Our entire system of mathematics is founded on the concept of unity, and the basic premise that one plus one equals two. Take fractions, for instance. 'one', or 'unity', is subdivided into OTHER 'unities' which are no longer unities, but sub-unities? Why are they not just broken down into more 'unities', such that '1 broken up = 2', or '1 becomes 5', or '1 = 58' in some operation '=' called 'breaking' or 'becomes'? 'Unity' is indeed a very abstract concept that other minds might not develop the same way the human mind has.
Our concept of 'unity' is based entirely on 'intuition' and 'supposition'. A system of math based on an entirely different supposition would be entirely different. We take it for granted, but it was not always so. For instance, the entire concept of counting would be different. More like Roman Numerals, where every 'quantity' would have a different symbol, unrelated to the previous symbol, and there would be no sequential progression from one to the other. In point of fact, some posit that Roman Numerals evolved the symbol 'V' to represent 'a hand's worth' (five fingers) and 'X' 'both hands worth' (ten fingers). Would a person born with six fingers on the hand instead of five see 'V' and 'X' as different amounts than someone with five fingers? If the idea was to use a 'one-to-one' correlation between fingers and the objects being 'counted', one can easily imagine two people, one with five fingers and one with six fingers on their hands, could be in dispute over what 'one hand's worth' would be, and how to represent it in symbols.
Had we never developed the Arabic number system, our concept of mathematics would be very different indeed. We now take it for granted, but it is NOT that old a concept, as mathematics goes.
European Expansion The first mention of Arabic numbers in the West is
found in the "Codex Vigilanus," a historical account of Hispania
published in 976. Pope Sylvester II began to spread knowledge of
Arabic numerals throughout Europe beginning in the 980s. As a student,
Sylvester studied a form of mathematics and requested that Italian and
Algerian scholars translate some of the earlier mathematical texts
into common European languages. This was accomplished more fully in
1202 with a book by Leonardo of Pisa called "Liber Abaci."
The turning point in our mathematical system, and what made it the way it is, was the invention of the concept of 'zero'. Making the absence of anything an actual number, and assigning it a value, changed everything. That came as a natural progression from 1+1=2 to 1-1= well, what?
Another turning point, which developed only because our minds were able to handle extreme abstract concepts, was algebra. The concept or representing the 'unknown' by a symbol. There have been studies that relate how the development of algebraic concepts is dependent on the unique properties of a subset of human minds and human cognition. The fact that there are many, many humans that just can not comprehend algebra at all indicates exactly how much it is dependent on constructs and cognitive abilities that have evolved in human minds.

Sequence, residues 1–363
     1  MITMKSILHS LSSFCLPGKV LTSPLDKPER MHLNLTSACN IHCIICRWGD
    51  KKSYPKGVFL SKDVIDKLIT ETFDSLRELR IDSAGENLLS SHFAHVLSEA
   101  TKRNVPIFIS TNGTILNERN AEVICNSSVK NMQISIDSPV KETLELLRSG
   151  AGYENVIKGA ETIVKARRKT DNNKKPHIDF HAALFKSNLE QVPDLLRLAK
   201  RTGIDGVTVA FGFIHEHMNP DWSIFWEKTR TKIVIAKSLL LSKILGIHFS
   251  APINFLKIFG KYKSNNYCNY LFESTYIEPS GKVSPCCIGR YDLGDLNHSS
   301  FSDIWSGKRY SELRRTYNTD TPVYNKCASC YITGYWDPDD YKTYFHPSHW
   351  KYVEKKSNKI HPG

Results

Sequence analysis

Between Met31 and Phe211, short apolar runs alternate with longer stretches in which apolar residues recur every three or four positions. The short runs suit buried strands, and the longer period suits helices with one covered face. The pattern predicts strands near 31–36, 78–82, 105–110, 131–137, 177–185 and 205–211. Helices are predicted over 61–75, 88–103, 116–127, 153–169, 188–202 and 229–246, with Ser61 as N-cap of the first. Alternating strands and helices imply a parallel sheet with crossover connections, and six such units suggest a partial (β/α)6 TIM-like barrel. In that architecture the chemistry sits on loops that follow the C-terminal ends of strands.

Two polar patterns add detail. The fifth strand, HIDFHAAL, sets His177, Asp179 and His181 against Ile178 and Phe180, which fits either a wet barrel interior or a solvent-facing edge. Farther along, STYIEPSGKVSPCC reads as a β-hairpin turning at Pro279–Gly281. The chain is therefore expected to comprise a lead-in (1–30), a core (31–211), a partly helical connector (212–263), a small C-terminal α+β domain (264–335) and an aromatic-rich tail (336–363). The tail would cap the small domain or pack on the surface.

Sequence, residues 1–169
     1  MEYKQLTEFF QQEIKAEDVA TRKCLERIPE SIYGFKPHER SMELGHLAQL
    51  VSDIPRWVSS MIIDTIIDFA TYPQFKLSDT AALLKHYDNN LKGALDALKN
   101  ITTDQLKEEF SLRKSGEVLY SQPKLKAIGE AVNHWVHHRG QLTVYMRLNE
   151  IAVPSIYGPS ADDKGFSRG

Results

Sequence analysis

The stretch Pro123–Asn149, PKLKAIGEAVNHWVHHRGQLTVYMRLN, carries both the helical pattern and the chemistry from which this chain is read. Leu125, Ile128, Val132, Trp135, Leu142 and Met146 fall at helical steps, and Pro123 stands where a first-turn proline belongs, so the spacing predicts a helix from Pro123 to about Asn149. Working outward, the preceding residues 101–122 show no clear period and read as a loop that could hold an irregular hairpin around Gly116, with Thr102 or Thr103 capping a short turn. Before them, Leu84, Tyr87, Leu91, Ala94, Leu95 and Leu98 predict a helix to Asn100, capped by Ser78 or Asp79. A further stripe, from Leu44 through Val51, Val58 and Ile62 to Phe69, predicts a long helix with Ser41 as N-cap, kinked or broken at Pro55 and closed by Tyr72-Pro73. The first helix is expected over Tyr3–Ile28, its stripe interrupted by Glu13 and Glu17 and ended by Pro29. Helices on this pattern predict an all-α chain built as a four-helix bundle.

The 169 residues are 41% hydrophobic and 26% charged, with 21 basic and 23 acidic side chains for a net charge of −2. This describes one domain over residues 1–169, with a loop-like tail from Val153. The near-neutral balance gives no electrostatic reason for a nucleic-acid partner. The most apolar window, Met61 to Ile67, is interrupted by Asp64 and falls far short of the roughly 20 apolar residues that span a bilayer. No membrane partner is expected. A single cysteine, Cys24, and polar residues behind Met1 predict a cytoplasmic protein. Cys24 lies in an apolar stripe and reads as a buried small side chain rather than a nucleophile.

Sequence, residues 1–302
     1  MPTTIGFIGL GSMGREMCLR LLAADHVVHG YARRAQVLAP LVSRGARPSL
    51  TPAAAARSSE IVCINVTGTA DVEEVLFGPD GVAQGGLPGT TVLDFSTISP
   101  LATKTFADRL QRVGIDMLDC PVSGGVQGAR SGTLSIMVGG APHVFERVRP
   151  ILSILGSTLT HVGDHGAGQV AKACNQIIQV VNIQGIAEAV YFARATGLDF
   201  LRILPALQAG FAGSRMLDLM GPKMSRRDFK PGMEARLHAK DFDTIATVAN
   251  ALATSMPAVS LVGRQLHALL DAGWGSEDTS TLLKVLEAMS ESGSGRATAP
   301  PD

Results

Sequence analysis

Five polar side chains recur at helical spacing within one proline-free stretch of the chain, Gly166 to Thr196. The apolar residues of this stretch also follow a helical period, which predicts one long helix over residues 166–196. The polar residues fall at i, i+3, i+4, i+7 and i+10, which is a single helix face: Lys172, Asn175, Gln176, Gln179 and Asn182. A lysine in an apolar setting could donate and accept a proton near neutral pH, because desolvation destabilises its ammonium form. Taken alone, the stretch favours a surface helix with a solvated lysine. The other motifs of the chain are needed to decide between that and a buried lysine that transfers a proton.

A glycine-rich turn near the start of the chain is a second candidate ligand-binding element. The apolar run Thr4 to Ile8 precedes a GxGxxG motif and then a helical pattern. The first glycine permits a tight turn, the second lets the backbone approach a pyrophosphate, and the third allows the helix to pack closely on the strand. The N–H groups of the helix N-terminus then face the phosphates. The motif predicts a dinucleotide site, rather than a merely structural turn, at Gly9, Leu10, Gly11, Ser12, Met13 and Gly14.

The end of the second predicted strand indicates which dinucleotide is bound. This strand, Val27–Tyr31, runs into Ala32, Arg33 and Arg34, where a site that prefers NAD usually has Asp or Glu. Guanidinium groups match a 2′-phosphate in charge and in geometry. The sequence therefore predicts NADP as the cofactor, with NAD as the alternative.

Why did the development of algebra lag behind geometry for so many
centuries? Why do today’s pupils have difficulties with even the
simplest word problems? What prevented generations of mathematicians
from accepting the idea of the irrational and the negative numbers?
What are the roots of the difficulties experienced by students
confronted with the concept of complex number for the first time?
It is neither by chance, nor by mere carelessness, that my list of
questions is a mixture of psychological and historical puzzles. As
different as they seem at first glance, these two sets of problems may
in fact have much in common. Indeed, there are good reasons to expect
that, when scrutinized, the phylogeny and ontogeny of mathematics will
reveal more than marginal similarities. At least, this is what follows
from the constructivist view according to which learning consists in
the reconstruction of knowledge.
Consider also out mathematical symbol "=". Exactly what does it mean? For instance, it has an entirely different meaning in computer science ('becomes') than in algebra ('has the same value as') and in expressions ('replace with' or 'substitute') and in topology ('transforms into'). A mind that is based on patterns and wholistic processing instead of sequential processes and logical step-wise processing would have a very different concept of 'equivalence', with a very different symbolic representation.
It can not be absolutely expected that every intelligent mind would make progressions in mathematical thought in the same way that we have.